Commercial Brain Games Challenge Your Dog

Liz Palika
Commercial Brain Toys for DogsLiz's dog, Bashir, with a
Kong Genius toy.

The Flower Pot game, the Hidden Toy game, and the Muffin Tin game are all great fun, but each game also has a teaching aspect. Your dog learns to think, use his sense of smell, and then figures out how to solve the puzzle. When he solves the puzzle, he gains a reward – usually a treat or a toy – but also your praise and petting.

Several companies have now created commercially available puzzle games for dogs and their owners to play. There are many different types of food dispensing toys and puzzle games, but all are based on the idea that dogs and owners have a better relationship when they spend time together doing something fun.

Kong Toys Are Staples

The Kong toys were one of the first puzzle toys marketed for dogs that really captured the dog owning public’s interest. Joe Markham, of Colorado, the founder of the Kong Company, had a trained police dog named Fritz. Fritz’ favorite toys were sticks and rocks and, because of this, his teeth were becoming damaged. Quite by accident, Markham discovered that Fritz liked playing with the hard rubber parts off of Markham’s Volkswagon. After several years of research, Kong dog toys were introduced in 1976.

The original Kong looks like a hollow rubber snowman. It can be filled with kibble or other dog treats and the dog has to manipulate the toy so the treats come out. For longer lasting fun, the treats can be put it in the toy and then the end sealed with soft cheese, peanut butter, or banana and then frozen. A frozen Kong toy can keep your dog occupied while in his crate or when you’re busy around the house.

More recently, Kong introduced their Genius line of toys. These have different shapes than the original Kong toy, and can be linked (snapped) together. They too hold treats. These dog toys are a little more challenging; especially when two or more are linked together.

The Kong toys are sturdy, well-designed, and are fun food dispensing toys. They are not indestructible though, and, if you have a power-chewer, your dog should be supervised so he doesn’t chew off a chunk of the rubber. Kong toys are found in most pet supply stores or online.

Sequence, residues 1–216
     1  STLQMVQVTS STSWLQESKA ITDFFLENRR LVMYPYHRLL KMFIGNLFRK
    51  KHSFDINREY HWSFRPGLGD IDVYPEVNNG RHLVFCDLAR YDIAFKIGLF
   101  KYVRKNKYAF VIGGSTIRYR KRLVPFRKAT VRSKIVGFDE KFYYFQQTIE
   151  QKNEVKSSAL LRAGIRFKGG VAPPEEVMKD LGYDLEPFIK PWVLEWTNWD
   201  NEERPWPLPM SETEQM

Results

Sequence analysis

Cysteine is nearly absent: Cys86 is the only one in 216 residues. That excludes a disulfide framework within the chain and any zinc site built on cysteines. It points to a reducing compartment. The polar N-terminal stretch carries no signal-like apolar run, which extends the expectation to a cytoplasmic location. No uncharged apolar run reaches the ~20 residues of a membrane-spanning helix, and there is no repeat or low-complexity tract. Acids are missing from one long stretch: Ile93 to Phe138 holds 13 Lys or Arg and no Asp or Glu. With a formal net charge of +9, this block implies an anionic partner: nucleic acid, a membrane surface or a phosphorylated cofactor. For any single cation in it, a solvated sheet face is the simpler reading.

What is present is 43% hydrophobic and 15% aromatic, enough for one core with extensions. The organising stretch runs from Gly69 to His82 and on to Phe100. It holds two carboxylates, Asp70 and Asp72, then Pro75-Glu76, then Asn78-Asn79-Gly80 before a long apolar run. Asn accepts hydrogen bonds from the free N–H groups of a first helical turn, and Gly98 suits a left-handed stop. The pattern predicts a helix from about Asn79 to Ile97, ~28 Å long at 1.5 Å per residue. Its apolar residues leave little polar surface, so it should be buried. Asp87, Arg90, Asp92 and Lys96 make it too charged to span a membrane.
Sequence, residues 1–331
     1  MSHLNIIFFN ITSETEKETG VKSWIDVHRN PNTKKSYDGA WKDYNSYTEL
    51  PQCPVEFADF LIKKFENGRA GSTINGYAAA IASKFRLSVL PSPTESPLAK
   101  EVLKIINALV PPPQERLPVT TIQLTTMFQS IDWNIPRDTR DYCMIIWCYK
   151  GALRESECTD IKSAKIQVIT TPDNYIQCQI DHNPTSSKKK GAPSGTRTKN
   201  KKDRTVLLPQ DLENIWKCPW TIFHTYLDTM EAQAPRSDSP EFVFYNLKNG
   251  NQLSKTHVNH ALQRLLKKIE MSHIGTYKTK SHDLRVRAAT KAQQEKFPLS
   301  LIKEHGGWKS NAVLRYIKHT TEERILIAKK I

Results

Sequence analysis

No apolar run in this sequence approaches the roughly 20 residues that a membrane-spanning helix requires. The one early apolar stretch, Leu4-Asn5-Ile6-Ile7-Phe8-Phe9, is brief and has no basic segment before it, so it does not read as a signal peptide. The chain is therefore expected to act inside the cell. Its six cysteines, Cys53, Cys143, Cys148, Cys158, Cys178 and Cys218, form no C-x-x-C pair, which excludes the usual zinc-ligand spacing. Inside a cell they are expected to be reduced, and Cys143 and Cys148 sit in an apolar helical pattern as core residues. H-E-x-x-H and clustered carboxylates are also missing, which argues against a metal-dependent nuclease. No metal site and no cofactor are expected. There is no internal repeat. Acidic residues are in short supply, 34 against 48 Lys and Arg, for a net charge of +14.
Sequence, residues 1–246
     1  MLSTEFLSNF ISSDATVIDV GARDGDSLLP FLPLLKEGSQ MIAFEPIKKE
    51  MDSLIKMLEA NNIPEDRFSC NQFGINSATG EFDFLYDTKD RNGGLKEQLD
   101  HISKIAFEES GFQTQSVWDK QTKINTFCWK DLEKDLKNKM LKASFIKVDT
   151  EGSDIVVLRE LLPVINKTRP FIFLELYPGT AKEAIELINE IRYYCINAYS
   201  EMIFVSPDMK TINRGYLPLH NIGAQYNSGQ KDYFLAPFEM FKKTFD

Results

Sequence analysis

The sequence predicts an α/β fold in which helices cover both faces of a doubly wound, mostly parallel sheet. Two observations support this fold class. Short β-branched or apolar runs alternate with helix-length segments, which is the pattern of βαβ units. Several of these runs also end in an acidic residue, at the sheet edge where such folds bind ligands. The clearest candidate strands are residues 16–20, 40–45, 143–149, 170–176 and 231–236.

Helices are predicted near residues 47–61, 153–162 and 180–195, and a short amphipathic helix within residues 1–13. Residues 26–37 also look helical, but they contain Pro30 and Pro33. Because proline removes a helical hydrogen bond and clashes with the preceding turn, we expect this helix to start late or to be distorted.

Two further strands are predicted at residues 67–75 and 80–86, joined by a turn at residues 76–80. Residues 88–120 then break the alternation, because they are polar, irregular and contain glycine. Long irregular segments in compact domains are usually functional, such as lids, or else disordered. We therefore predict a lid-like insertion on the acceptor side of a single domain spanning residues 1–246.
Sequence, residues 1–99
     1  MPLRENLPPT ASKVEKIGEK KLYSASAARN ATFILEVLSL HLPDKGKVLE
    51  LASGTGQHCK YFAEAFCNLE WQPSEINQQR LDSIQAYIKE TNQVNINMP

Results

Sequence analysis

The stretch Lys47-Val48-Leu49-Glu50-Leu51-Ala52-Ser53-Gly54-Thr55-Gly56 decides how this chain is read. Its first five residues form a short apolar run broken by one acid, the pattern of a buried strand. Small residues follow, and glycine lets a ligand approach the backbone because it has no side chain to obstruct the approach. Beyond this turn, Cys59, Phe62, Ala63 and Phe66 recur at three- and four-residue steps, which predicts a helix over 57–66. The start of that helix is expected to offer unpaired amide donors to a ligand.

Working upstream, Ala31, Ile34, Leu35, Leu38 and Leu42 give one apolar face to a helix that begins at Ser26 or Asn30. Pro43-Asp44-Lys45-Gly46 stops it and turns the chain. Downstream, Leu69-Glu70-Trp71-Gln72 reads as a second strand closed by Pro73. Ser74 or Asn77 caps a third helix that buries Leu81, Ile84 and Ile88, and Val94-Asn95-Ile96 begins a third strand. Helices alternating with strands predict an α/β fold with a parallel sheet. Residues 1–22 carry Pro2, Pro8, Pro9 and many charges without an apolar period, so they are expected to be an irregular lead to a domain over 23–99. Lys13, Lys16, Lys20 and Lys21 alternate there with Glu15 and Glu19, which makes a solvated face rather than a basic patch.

The Nina Ottosson Puzzles

Nina Ottosson, of Sweden, worried that her dogs weren’t getting enough attention when her children were infants and toddlers; especially during Sweden’s long winters. Through trial and error, she designed a line of puzzles – brain games – designed to challenge dogs.

Some of the games require the dog to flip over bone-shaped covers, or to push a sliding game piece, or pull out a small drawer. You can provide help as the dog learns the game, but, with practice, most dogs figure out what’s needed. A treat is the prize, along with your praise. The puzzles are made in a variety of difficulties so that any dog can play. Plus, as the dog masters the easy puzzles, he can progress to more difficult ones.

An easy one for most dogs to begin with is the Dog Tornado. Four layers of a large dog bone are attached in the center and each layer spins. Treats are hidden in the three lower layers and the dog has to spin each layer to get the treats.

Some of the games can be found made of plastic and others are wood. The plastic is easier to clean, but the wooden games are heavier and more stable for rougher dogs. Many pet supply stores now carry the Nine Ottosson puzzles or you can find them online.

The Kygen Toys

Kygen offers a wide selection of dog toys that are different and make the play experience more fun. My English Shepherd puppy, Bones, love the Lion bottle buddy toy. A yellow cloth lion toy has a red mane and inside has a plastic water bottle. The toy is sturdy and Bones loves to crunch the toy to make noise. Because the toy is such a favorite, I’ve used it to teach Bones retrieving skills and commands such as “get it,” “bring it back,” “drop it,” and “give.”

Kygen also makes some food dispensing toy puzzles that are similar to the Nina Ottosson toys, yet unique in their own right. One that’s been a hit in the puppy classes I teach is the Kibble Drop Puzzle. Kibble or hard dog treats are placed in the toy where gravity can pull them down into the four legs of the toy. To get the treats, the dog has to flip up a cover at the base of each leg. Flipping something up is not a natural action, so the dog has to think, try different motions, and then, when a treat appears, remember what he just did to make the treat appear.

Kygen toys can be found in pet supply stores and online.

And There’s More!

Many companies are now making puzzle toys, food dispensing toys, and other games that are fun for dogs and their owners. When choosing a toy or game, make sure it’s going to be safe for your dog to play with. There should be no sharp edges and it should be sturdy.

Most puzzles are designed with owner participation in mind. Don’t give one of these to your dog and leave for work. Not only will it probably be chewed to shreds, but your dog could hurt himself. However, many food dispensing toys can be left with the dog. Try it with your supervision first to make sure your dog isn’t going to chew it to bits.

Then have fun!

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